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Metric spaces and the distance between sets

  1. Mar 23, 2010 #1
    1. The problem statement, all variables and given/known data
    Okay, so we've moved on from talking about R^n to talking about general metric spaces and the differences between the two. We're given that X (a metric space) satisfies the Bolzano-Weierstrass Property and that A and B are disjoint, compact subsets of X. Dist(A,B) is defined as the inf{d(x,y): x in A, y in B}. We're asked to show that Dist(A,B)>0.


    2. Relevant equations
    General theory of metric spaces: definition of a metric space, metric, etc.


    3. The attempt at a solution
    Okay, I think I must be missing something because to me it seems kind of trivial. My proof basically says that, by definition of a metric, d(x,y) is always greater than or equal to 0, with equality holding only when x=y. Since A and B are disjoint in our problem, x does not equal y for all x in A and y in B hence d(x,y) is always greater than 0. Since the inf is the min of these distances, it follows that the inf is always greater than 0.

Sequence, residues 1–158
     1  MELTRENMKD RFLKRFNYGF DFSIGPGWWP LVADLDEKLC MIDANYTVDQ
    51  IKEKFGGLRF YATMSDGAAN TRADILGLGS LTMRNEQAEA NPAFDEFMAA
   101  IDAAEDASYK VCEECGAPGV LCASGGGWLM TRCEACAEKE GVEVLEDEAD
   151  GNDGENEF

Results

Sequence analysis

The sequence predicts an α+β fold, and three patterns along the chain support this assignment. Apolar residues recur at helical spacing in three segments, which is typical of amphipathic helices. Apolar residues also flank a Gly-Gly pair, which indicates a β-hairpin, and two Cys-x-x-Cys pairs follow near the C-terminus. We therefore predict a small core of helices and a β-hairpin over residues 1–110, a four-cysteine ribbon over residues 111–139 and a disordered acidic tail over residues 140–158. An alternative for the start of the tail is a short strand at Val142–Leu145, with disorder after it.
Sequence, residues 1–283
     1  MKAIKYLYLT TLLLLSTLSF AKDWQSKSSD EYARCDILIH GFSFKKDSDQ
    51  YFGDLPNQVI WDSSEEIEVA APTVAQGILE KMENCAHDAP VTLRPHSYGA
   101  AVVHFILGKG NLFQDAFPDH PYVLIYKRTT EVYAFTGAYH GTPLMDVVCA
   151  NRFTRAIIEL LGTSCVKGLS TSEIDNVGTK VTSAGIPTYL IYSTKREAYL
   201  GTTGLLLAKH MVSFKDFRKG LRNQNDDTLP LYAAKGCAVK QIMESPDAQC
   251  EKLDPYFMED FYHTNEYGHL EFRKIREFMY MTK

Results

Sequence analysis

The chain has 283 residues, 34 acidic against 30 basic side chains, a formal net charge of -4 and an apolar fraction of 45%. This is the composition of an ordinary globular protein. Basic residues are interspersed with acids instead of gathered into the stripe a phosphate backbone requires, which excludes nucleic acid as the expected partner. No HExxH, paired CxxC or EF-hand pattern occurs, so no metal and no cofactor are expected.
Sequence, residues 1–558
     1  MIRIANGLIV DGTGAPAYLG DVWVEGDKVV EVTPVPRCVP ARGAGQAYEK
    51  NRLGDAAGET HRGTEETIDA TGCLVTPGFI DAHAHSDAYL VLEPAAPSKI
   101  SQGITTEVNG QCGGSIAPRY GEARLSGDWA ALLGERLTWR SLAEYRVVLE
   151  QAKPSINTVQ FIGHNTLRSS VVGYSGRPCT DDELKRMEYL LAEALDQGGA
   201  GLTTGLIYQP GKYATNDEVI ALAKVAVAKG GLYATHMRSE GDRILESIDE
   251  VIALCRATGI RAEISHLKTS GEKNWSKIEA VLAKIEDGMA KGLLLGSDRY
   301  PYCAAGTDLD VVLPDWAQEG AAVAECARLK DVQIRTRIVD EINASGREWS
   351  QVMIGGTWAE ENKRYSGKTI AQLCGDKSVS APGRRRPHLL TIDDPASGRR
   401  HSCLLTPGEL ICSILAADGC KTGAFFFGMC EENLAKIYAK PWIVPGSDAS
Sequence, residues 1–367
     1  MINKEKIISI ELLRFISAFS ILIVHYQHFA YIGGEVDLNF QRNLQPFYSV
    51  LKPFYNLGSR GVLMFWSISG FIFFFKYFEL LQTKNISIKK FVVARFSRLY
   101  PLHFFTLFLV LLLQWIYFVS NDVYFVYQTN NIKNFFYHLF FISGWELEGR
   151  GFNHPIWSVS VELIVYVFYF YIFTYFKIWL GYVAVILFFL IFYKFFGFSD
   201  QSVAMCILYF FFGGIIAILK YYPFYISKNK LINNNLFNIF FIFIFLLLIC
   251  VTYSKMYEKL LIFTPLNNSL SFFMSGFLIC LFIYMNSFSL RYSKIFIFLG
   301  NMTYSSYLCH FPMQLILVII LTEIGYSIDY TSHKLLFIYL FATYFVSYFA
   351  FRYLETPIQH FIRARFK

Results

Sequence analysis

I didn't use the fact that X satisfies the Bolzano-Weierstrass Property however, which makes me think that I'm missing something. Any help would be greatly appreciated.
     
  2. jcsd
  3. Mar 23, 2010 #2
    To see where your argument breaks down, consider the open intervals (0,1) and (1,2). Since they are not compact, they don't satisfy the hypothesis of your problem. However, you could use your reasoning to "show" that the distance between them is > 0, which it clearly isn't.

    Hint: The sentence "Since the inf is the min of these distances, it follows that the inf is always greater than 0." is the problem with your argument. Try to apply it to the above example.

    HTH

    Petek
     
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